Sake Dean Mahomed was an entrepreneur who made a name for himself by building cultural connections between India and England. A soldier in the East India Company’s Bengal Regiment, he had first settled in Ireland in 1784, in the service of captain Baker with whom he worked for many years. He was the first Indian author to publish a book in English and to open an Indian restaurant in England—ushering in what would become one of Great Britain’s most popular cuisines.
Mahomed went on to find success as the “The Shampooing Surgeon of Brighton,” opening a spa in the British seaside town that attracted the rich and royal.
In 1810, he established the Hindoostanee Coffee House at 34 George Street, London, Britain’s first Indian restaurant run by an Asian. However, this venture failed within two years. The Epicure’s Almanack—an early London restaurant guide—hailed it as a place for nobility to enjoy hookah and Indian dishes of the highest perfection. Nonetheless, Mahomed was forced to close his luxurious restaurant in 1812 and sought to reinvent himself.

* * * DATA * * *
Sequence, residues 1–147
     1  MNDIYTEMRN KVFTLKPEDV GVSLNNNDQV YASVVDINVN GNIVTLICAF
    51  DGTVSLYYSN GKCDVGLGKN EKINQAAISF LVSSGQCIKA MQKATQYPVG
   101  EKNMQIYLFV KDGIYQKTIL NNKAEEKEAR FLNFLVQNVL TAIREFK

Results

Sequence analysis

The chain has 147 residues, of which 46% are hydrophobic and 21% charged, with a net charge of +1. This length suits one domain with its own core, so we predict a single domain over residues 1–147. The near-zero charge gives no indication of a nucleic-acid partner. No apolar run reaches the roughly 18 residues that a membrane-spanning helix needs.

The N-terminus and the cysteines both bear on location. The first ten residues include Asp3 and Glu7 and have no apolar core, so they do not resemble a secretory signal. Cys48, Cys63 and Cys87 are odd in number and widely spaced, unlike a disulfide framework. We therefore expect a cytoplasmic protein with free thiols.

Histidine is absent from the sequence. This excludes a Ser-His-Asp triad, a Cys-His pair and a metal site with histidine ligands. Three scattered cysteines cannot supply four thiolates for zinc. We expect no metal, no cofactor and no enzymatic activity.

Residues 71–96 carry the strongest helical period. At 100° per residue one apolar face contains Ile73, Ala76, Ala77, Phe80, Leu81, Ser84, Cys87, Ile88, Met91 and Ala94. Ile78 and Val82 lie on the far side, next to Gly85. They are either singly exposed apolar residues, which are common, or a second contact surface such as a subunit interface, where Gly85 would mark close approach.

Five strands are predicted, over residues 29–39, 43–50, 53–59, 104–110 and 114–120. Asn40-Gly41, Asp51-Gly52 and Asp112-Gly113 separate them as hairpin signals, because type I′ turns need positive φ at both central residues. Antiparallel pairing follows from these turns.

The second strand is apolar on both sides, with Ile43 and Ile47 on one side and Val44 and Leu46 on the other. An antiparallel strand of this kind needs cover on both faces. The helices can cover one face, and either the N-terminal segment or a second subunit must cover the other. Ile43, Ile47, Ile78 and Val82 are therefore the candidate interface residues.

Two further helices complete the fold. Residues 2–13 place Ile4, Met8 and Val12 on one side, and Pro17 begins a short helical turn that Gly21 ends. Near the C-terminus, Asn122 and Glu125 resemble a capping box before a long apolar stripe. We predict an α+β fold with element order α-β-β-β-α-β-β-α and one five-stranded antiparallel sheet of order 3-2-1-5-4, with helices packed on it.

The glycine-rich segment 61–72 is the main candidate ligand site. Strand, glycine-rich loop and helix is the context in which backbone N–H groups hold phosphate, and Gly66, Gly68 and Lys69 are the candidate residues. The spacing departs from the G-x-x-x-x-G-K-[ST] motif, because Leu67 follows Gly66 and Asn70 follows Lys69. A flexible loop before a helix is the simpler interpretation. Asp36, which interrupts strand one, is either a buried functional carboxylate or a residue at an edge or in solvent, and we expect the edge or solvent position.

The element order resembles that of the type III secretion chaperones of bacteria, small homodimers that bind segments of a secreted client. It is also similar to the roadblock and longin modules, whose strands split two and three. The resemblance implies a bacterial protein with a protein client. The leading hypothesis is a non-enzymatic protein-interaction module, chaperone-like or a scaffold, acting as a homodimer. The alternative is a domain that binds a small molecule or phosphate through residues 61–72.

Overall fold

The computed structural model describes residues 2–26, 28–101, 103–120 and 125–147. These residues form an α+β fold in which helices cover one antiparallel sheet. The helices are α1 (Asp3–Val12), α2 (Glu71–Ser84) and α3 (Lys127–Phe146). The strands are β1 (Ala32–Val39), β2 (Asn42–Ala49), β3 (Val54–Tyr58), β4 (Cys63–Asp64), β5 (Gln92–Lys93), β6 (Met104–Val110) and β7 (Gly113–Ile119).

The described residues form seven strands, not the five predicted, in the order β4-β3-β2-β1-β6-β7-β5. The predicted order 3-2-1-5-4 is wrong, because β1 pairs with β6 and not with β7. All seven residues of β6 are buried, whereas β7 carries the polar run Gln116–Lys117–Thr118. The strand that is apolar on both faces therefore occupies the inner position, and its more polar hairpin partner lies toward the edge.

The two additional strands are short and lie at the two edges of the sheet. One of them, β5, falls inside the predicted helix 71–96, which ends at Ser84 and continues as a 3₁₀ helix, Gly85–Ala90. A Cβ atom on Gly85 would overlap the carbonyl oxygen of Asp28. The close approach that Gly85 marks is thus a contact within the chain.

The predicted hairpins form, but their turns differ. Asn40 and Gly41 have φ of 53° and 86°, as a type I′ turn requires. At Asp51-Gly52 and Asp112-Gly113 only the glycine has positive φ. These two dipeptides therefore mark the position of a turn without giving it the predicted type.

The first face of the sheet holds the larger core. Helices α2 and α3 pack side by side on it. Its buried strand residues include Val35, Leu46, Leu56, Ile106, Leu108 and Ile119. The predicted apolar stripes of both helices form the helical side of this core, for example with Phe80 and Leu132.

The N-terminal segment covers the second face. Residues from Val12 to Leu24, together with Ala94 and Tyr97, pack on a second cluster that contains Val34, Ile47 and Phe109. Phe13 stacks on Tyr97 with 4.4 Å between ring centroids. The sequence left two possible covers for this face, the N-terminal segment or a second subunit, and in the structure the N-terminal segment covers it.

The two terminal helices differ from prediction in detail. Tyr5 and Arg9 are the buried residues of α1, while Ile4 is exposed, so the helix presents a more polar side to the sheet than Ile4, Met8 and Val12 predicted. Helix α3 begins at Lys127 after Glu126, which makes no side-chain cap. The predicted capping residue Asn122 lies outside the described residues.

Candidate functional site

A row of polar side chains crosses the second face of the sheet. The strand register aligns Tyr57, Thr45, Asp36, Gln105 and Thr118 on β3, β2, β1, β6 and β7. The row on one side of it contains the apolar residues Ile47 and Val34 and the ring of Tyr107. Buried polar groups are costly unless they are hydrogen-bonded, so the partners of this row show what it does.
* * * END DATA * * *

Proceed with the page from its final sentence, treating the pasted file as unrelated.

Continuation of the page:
Moving his family to the beachside town of Brighton, he opened a spa named Mahomed’s Baths offering luxurious herbal steam baths. His speciality was a combination of a steam bath and an Indian therapeutic massage—a treatment he named “shampooing” inspired by the Hindi word champissage meaning “a head massage.” He also published a book about the therapeutic benefits of the treatment with testimonials from his patients. In 1822, King George IV appointed Mahomed as his personal ‘shampooing surgeon’, which greatly improved his business.
A portrait of Mahomed hangs in the Brighton Museum, commemorating this man who helped merge the cultures of his two homelands.
Mahomed died in 1851 at 32 Grand Parade, Brighton. He was buried in a grave at St Nicholas’ Church, Brighton, in which his son Frederick was later interred.